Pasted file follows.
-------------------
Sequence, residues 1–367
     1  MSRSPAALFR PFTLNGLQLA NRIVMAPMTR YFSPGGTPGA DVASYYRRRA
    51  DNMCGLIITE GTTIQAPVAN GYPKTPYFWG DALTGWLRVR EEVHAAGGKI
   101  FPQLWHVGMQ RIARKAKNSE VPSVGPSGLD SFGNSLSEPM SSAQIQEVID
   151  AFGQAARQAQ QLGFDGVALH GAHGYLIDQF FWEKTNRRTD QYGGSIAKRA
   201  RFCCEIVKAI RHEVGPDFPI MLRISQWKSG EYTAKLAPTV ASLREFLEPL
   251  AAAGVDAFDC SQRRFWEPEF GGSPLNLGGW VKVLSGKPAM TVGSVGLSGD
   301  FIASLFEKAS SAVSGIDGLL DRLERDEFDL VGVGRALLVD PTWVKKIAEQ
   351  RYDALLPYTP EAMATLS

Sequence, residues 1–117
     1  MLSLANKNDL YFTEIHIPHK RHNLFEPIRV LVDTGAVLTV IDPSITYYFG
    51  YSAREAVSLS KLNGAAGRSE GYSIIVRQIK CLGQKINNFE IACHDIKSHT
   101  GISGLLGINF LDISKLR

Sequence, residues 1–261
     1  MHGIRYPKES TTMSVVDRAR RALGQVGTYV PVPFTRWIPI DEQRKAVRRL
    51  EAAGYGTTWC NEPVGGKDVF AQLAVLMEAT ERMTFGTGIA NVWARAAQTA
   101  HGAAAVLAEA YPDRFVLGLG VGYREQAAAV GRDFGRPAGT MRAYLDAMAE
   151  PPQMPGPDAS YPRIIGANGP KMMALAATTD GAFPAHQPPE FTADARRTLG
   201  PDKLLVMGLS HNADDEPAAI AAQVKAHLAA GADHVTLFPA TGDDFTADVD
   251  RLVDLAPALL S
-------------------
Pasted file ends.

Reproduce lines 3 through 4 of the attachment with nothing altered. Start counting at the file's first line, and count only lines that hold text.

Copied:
    51  DNMCGLIITE GTTIQAPVAN GYPKTPYFWG DALTGWLRVR EEVHAAGGKI
   101  FPQLWHVGMQ RIARKAKNSE VPSVGPSGLD SFGNSLSEPM SSAQIQEVID